Increasing CO2 = Record Crop Harvests

Additional CO2 is a major contributor to increased record crop yields and volume.

Crop Yields Are Better!

Worldwide crop yields have been getting better and better. We are seeing more and more record harvests every year. India just had record rice and wheat crops. Russia just had a tie for the best wheat harvest with 2017’s record best. The U.S. food crops are getting better and better too. Pennsylvania had a record winter wheat crop in 2020 and other crops are doing extremely well. This is going on in most areas of the U.S. and with all kinds of different crops.

Picture from PennState Extension article, January 22nd, 2020

Photo: Zach Larson From PennState Extension article.

Crop yields are measured by how much is harvested on a per acre basis. Nearly every  major crop is experiencing increased yields on a per acre basis. As well as overall healthy volume increases. The world is getting better harvests because of climate change, better seeds, and a deeper understanding of farming.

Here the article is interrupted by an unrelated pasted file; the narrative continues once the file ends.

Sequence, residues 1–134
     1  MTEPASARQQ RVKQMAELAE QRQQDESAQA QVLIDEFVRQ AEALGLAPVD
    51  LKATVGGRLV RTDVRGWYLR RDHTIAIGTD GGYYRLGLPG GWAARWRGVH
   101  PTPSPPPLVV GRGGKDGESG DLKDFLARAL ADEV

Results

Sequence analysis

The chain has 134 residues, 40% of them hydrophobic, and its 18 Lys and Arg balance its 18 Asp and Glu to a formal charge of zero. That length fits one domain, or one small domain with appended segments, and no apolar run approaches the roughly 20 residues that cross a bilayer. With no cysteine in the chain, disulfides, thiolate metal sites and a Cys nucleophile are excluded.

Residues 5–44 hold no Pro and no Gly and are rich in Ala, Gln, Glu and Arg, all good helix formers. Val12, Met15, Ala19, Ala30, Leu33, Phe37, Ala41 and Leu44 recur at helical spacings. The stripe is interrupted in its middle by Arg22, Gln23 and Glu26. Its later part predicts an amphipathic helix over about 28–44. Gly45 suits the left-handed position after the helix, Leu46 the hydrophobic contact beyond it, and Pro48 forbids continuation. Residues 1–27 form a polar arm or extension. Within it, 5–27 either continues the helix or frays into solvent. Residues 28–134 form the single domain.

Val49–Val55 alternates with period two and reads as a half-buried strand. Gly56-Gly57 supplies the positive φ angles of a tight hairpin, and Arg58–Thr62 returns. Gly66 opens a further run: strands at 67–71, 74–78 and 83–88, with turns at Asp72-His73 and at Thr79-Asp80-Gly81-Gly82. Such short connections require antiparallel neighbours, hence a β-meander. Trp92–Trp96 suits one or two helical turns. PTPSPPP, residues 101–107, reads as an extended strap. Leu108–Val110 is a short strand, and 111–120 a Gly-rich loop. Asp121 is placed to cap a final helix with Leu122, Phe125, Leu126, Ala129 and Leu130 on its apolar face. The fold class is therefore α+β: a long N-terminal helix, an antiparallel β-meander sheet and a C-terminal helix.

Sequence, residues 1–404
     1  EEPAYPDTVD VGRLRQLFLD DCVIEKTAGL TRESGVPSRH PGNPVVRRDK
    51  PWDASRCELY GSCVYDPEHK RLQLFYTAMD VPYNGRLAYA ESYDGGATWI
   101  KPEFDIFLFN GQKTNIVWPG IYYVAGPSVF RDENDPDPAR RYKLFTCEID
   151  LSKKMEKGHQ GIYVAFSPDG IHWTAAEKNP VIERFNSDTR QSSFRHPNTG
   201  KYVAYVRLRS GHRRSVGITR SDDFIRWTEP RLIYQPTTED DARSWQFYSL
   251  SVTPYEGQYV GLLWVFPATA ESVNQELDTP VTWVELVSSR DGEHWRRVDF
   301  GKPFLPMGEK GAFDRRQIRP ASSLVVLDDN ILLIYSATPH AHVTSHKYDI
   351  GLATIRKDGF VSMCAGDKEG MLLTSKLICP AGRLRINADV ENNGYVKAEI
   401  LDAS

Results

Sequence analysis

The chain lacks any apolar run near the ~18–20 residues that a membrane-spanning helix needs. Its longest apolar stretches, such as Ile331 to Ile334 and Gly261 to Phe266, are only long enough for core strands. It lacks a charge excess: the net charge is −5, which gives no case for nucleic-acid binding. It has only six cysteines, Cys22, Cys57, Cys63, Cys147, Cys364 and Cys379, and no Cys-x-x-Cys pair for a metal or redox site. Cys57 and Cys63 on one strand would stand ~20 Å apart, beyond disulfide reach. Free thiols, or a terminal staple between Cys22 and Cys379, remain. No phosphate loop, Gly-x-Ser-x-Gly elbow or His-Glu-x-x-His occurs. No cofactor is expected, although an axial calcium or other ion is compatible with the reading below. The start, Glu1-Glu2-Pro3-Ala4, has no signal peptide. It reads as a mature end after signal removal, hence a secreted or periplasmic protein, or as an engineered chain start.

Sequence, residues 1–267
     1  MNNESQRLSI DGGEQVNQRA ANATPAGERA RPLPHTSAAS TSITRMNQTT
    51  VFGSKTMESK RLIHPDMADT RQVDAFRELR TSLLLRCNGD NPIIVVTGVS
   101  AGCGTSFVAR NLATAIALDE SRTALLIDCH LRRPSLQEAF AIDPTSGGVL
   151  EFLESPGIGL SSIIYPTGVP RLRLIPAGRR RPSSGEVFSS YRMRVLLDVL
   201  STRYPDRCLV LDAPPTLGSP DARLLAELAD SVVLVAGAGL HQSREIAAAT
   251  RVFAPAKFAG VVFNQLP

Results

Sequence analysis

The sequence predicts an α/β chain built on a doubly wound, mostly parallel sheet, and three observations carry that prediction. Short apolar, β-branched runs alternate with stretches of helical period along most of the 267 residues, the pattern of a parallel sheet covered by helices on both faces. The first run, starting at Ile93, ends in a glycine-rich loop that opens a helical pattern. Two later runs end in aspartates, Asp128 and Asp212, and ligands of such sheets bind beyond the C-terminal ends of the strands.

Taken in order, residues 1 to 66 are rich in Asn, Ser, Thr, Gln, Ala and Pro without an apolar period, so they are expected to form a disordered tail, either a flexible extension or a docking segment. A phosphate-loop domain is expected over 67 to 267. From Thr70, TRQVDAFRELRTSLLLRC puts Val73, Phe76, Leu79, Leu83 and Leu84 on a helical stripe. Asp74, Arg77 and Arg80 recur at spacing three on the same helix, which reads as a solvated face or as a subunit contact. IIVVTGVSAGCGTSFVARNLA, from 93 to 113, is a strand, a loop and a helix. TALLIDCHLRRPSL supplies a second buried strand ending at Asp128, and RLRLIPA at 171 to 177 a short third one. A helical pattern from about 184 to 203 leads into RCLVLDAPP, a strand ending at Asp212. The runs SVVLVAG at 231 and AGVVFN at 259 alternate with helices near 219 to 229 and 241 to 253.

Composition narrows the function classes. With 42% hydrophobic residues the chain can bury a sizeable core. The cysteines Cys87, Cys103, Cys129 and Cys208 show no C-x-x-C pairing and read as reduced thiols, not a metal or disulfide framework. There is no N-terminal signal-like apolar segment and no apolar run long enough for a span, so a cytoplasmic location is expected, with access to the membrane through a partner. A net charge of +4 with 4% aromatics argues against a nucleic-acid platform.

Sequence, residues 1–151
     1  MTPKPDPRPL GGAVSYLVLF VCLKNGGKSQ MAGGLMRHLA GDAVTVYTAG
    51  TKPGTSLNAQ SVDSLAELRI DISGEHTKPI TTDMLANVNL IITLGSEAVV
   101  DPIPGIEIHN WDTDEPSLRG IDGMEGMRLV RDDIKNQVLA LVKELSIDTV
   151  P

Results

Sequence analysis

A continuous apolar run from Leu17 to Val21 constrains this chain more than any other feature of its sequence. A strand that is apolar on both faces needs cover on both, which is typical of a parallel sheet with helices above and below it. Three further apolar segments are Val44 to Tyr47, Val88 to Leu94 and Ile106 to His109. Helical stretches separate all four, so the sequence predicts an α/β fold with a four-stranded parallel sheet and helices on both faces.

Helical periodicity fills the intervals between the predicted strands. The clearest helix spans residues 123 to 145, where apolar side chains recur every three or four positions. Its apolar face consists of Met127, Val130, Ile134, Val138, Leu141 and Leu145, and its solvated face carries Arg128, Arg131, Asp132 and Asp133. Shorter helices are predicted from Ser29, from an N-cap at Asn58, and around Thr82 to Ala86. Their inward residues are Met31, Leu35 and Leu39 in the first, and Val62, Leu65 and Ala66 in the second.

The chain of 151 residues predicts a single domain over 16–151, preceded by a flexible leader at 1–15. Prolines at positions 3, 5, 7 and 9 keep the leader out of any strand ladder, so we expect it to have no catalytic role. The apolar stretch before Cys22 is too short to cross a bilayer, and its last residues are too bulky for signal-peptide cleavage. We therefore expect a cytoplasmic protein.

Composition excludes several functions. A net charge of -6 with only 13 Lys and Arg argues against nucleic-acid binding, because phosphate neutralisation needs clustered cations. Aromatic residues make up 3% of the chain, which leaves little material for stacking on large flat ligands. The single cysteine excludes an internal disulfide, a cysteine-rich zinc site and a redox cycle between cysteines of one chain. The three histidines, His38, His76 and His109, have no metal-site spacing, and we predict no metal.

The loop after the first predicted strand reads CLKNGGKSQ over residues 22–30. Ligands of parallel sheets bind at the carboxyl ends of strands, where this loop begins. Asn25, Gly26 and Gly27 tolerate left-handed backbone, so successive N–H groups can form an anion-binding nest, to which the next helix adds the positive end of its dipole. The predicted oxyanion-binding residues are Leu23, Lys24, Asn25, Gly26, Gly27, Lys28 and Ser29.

Almost universally winters are a little less cold (2-3 degrees less) than they were 50 years ago, and summers are about the same, not hotter. Also, in the United States and elsewhere in the world there’s more moisture in the air and more rain. In the United States there is about an extra 1/3 of an inch more rain per month than 50 years ago.

In addition to this there’s more plant food in the air, CO2. We are now at about 415 parts per million (ppm) of CO2 in the atmosphere. A hundred years ago it was about 280 ppm. In addition, plants can tolerate more heat and are more water efficient when there is more CO2 in the air. Green houses routinely get CO2 up to between 1,200 and 2,000 ppm to help plants grow bigger faster.

Fun fact: Talking to your plants does help them grow. Because you are exhaling about 40,000 ppm of plant food (CO2) on them as you speak.

It seems that what we hear and see about climate change is all negative. Yet, the reality is that there are many benefits to a gently warming and a bit wetter world.

Increasing crop yields, longer better growing seasons, a bit more rain, less cold winters, and summers about the same, not hotter, is good for plants, animals, and people. More plants are good for the earth. More plants and better plant growth are good for forests, animals, and people.

And that is good news!